Tuesday, October 23, 2007

RFC :: FCC :: In the Matter of Email Address Portability

Report No. 2832 September 26, 2007

Consumer & Governmental Affairs Bureau Reference Information Center Petition For Rulemakings Filed PRIVATE

Interested persons may file statements opposing or supporting the Petition for Rulemakings listed herein within 30 days of this notice, and reply comments 30 days thereafter. See Sections 1.4 and 1.405 of the Commission's rules for further information.

1 "RULEMAKING PROCEEDING"

Rm No. 11391 [Docket Number], Rules Sec. 52.1, Petitioner Gail M. Mortenson, Date Received 07/20/2007, Name of Petition In the Matter of E-mail Address Portability

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[Transcribed – forgive errors please – See Original Copy]

In the Matter of Email Address Portability

Petition for Rulemaking

Gail M Mortenson [a Washington-based freelance editor], hereby petitions the Commission to initiate a rulemaking at the earliest possible date to require ISPs to provide their customers with email address portability for at least six months after a customer terminates service with an ISP.

The genesis for this petition arose from an experience where I had recently with AOL, one the largest national ISPs. I had been a customer of AOL for many years. My son had originally opened the account when he got a new computer as a young teen, but the monthly charges had been paid from my personal credit card, as AOL well knew. (I had a number of occasions to talk to them over the years about charges to, or questions about, the account). Several months ago, I contacted AOL to direct them to stop charging me for monthly service since AOL had adopted a new policy several months earlier of not charging its customers for service. Although I had numerous discussions with them over the years and my name appeared on the credit card which had paid the monthly charges, AOL suddenly declared that they could not take any instructions from me (because the account was not in my name). Moreover, because the account had been opened by a minor, they announced that they were closing the account immediately. This despite the fact that my son was no longer a minor, so the pretext for closing the account was no longer even valid. The account was closed on the following business day, and I could no longer access any of the materials (emails, saved documents, stored websites, etc). which had been associated with my AOL screen name.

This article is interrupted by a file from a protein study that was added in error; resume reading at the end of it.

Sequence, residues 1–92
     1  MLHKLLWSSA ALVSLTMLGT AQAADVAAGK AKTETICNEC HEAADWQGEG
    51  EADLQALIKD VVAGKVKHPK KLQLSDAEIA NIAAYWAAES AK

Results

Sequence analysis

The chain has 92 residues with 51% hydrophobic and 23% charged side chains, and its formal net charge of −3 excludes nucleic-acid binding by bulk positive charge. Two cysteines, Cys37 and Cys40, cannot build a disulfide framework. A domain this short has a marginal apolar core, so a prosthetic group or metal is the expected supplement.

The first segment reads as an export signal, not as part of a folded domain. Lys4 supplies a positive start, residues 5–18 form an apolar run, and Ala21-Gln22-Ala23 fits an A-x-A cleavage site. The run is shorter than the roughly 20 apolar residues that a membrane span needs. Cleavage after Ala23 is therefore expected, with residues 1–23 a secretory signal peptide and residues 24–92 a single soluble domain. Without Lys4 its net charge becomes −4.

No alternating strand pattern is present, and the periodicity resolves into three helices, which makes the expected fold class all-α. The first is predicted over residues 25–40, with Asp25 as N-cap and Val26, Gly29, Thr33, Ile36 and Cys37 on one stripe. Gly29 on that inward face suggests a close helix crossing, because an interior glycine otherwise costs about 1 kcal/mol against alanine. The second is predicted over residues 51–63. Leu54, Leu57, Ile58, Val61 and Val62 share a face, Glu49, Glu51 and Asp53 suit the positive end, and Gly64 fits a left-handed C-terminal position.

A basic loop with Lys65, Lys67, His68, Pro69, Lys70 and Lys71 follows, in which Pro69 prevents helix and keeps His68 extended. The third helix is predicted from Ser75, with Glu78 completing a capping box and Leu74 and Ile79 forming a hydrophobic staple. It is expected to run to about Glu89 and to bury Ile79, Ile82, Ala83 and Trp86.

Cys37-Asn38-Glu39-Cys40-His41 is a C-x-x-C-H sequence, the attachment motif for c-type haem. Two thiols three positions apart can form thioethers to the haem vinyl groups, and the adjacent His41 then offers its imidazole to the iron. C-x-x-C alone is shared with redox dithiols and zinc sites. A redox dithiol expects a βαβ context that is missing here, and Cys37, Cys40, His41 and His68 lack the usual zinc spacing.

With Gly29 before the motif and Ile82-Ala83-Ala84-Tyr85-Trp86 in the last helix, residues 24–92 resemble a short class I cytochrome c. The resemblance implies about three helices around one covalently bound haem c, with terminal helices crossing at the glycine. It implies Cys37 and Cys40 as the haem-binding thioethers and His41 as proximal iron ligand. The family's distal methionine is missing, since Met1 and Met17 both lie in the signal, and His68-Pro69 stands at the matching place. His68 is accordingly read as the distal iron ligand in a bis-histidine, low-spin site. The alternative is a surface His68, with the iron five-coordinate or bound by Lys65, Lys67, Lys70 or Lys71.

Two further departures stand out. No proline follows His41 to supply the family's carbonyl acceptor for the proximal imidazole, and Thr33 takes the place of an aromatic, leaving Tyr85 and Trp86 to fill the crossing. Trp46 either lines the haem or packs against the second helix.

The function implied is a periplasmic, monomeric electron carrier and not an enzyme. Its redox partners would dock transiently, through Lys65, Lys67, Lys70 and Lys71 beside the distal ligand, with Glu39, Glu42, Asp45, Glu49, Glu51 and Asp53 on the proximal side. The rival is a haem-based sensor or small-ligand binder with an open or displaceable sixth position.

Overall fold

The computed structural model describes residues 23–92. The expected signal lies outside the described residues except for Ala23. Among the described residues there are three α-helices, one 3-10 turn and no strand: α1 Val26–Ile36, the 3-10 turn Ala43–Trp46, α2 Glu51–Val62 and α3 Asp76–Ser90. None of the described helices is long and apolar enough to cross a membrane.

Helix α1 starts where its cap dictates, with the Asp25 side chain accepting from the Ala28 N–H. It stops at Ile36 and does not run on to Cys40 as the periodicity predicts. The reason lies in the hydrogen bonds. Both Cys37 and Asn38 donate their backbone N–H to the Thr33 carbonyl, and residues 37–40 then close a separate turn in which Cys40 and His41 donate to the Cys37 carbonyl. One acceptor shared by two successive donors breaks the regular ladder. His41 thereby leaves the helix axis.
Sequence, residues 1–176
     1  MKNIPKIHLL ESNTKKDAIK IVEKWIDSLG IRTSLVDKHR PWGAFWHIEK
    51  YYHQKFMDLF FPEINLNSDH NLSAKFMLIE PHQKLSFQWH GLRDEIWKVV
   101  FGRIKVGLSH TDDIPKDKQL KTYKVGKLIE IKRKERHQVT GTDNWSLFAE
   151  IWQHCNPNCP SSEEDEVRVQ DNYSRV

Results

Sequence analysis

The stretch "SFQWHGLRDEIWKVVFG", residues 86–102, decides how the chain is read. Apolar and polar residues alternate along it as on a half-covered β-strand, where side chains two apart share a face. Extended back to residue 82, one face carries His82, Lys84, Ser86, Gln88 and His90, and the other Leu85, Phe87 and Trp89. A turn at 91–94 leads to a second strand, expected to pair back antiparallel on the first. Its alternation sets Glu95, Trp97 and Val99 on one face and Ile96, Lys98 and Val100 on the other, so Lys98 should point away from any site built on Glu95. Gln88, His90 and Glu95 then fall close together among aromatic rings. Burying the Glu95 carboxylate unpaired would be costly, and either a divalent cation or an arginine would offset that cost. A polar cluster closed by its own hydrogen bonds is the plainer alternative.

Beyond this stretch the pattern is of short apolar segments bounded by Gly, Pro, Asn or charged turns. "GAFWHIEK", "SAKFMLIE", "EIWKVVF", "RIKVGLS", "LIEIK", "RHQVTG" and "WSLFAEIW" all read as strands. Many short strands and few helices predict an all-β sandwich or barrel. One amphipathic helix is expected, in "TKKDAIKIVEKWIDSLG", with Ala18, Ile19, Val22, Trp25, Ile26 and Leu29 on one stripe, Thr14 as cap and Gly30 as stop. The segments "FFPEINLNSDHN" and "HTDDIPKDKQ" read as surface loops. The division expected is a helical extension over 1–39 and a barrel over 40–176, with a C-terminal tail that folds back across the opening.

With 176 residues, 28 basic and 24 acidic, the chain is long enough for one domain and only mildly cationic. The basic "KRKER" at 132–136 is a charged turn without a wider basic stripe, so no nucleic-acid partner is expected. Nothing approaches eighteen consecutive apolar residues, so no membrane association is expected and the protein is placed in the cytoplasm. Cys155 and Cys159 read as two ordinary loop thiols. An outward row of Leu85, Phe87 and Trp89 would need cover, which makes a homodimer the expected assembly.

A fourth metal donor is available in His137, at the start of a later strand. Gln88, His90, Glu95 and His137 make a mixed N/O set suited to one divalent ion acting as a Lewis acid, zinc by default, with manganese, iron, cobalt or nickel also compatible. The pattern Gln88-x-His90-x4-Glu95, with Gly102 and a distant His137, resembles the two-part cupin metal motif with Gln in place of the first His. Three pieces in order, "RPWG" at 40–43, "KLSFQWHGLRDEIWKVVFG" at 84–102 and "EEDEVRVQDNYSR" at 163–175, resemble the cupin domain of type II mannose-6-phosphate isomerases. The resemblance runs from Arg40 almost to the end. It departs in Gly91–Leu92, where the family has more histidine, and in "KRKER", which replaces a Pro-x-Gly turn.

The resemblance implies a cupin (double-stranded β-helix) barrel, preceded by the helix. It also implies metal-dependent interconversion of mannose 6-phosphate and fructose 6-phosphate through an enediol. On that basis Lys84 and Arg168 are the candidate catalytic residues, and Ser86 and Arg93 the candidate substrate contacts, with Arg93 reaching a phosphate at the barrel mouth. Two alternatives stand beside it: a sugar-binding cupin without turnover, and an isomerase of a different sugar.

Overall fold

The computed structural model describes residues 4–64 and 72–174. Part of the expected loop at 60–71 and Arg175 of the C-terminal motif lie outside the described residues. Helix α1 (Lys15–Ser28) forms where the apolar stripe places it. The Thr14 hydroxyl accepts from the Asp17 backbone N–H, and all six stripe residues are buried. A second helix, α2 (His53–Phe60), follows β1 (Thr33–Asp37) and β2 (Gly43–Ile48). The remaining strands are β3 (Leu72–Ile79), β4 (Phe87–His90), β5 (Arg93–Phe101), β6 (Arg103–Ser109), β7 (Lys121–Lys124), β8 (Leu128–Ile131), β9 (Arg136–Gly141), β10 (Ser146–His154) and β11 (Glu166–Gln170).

This was a disaster. Over the years, my children and I had all come to rely on the AOL account, which permitted up to seven screen names. Of particular concern here was my business account. I am a free lance copy editor, and I relied heavily on email as a means of communicating with existing and potential clients. My AOL email address had been distributed widely to prospective users of my services. No prospective clients could reach me since the account was suddenly non functional, nor did I have any time to transition my promotional materials to reference a new email address. Have since discovered that several prospective clients did in fact try to reach me but were unable to do so since they only had my AOL email address and were unable to reach me. At the same time, I lost access to my folder of historical emails which had been saved online, so I lost the email addresses of professional and personal contacts.